113. ‘Atonement’ by Ian McEwan.

I’m blown away, exhausted, and deeply completely satisfied once again by the intense narrative, exquisite prose, and deeply moving story within this novel. I dived into this wonderful book over the weekend with all the thrill of Cecelia diving into the fountain in her underwear to retrieve the broken vase knowing Robbie watched her, but not knowing her younger sister Briony did too; and it did not disappoint a second time around – in fact I think I can safely say I relished it more aware of the eventual outcome.

Absolutely brilliant, this is a great novelist at the top of his game and one of Mum’s books I’ll be keeping to read again one day, I hope. Mum has annotated twice inside the cover of this copy – ‘Crete 2003’ and again ‘Feb 08’. Clearly she felt the same, as it’s one of the ‘Already Read’ books that moved with her from a reasonably roomy family home into her absolutely fabulous and far lower maintenance flat in East London. But one with much less room for books – so Mum was very selective in her ‘Keepers’.

I’m sure many people have seen the movie with Keira Knightley as Cecelia, one of her best roles in my opinion, and James MacAvoy as Robbie Turner, the housekeepers son. It’s a great screen adaptation but as is usually the case, the book’s better. If you haven’t, here’s my as always hesitant to give too much of the game away synopsis!

This is a book in three parts. In the first, the longest, we are with the Tallis family on their Surrey estate over a couple of scorching hot summer days in the summer of 1935. Absent father Jack, almost absent for different reasons mother Emily, eldest daughter Cecilia home for the summer after finishing at Cambridge and uncertain of her future, youngest (afterthought) daughter the strange and introspective budding author thirteen year old Briony writing a play to be performed for the son of the house, Leon, who is down for the weekend with his chum, chocolate magnate Paul Marshall. The casting of Benedict Cumberbatch in this role for the screen adaptation was superb, I thought.

Now add to the hothouse atmosphere Robbie, son of the housekeeper who has grown up with the family and been to Cambridge at the same time as Cecilia reading literature but who has, after a summer working on the estate as a gardener like his vanished father, finally settled upon a career in medicine, which Jack Tallis has offered to help with. There is something very Du Maurier and not in a bad way about the scene setting.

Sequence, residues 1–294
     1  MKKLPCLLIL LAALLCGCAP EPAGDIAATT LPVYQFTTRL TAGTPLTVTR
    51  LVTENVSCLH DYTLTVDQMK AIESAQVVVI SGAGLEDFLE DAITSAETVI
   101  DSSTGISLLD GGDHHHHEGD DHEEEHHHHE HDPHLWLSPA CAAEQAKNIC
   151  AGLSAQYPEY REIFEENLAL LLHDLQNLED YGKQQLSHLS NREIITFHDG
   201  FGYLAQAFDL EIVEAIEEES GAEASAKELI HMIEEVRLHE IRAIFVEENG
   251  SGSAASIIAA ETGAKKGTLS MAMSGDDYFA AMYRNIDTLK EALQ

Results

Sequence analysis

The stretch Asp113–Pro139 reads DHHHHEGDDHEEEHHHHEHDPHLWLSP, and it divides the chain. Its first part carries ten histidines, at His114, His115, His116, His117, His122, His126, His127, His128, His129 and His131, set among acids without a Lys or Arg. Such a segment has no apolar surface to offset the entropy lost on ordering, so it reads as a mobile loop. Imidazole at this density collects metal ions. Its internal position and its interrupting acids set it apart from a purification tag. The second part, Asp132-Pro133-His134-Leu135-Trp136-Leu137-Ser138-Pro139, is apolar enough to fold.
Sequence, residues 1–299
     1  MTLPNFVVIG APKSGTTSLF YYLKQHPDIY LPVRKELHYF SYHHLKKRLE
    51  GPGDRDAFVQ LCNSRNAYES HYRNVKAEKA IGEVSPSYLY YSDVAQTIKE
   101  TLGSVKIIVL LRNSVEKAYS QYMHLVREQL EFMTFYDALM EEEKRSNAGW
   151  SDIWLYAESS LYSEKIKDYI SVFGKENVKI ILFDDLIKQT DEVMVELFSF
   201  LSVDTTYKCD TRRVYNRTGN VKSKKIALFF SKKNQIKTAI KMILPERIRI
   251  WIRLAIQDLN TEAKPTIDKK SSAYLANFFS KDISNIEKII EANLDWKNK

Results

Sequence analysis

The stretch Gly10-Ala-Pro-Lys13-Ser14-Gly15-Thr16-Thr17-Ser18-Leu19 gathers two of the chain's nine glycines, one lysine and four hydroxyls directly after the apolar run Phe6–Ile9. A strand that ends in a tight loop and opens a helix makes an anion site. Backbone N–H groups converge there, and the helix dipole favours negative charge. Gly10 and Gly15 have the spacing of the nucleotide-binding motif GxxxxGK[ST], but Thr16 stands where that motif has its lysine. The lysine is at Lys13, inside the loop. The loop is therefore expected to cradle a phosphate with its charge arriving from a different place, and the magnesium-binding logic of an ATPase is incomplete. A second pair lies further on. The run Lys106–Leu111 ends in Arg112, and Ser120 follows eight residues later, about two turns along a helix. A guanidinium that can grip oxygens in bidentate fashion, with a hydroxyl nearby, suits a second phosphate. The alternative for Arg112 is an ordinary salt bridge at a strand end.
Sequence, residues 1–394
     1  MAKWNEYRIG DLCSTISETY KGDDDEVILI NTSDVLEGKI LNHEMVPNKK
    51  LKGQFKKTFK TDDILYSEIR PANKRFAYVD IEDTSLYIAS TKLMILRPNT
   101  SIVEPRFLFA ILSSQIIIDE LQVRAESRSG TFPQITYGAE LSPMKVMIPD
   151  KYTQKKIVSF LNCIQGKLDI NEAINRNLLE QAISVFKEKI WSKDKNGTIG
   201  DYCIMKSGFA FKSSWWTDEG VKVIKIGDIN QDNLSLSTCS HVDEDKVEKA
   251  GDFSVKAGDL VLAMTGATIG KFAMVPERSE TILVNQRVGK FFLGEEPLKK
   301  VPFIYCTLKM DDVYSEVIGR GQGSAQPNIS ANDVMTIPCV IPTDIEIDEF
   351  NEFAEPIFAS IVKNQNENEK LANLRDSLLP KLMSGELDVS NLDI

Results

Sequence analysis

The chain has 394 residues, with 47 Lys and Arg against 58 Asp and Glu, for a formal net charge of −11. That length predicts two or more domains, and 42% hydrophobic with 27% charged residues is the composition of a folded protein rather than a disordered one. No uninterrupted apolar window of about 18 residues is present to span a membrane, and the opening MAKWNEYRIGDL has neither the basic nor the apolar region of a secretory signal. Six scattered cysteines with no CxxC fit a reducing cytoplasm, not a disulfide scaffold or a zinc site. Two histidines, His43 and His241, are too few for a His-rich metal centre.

Here in Queensland, it’s hot a lot of the time, but our homes are built to cope with it better, and we are used to it though even for us, it can be hideously oppressive at times. The excessive heat of that long ago summer weekend in Surrey is a central element in the book and described in such an expert manner that you’ll live and breathe it as you read.

This extremely skilful and successful sensory experience created with words alone is also cleverly referred back to in Part Two when Briony receives a rejection letter from a publisher commending her on her ‘descriptive passages’ in her ‘Atonement’ novella – the first draft of her ‘atonement’ book, the one she must write but that cannot be published until everyone involved in it is dead, and the story that this story is about. No, not a typo – it’s one of the things I loved most about the book. Brilliant on so many levels.

Two other things about Part One. At the end, agonising with the thirteen year old Briony on her decisions as she begins to see the magnitude of the consequences, yet she fears she cannot retract them. How does a male author in his thirties have such a comprehensive understanding of the crazy shit that can go on in a thirteen year old girls brain? How does anyone, least of all the thirteen year old girl involved? Is Mr McEwan astute enough a man to have actually listened to his wife or partner? I thought this part of the book one of the best things I’d ever read the first time I read it. I’m now even more convinced.

Part Two is Briony’s atonement. Part Three is what really happened. All three parts combine to make a novel that is more than deserving of reading more than once. Clever, absorbing and beautifully expressed. I have enjoyed this book immensely twice and I look forward to the third time.

Fabulous book. 100% recommend. It breaks my heart. Can’t possibly give it away though!

Becky X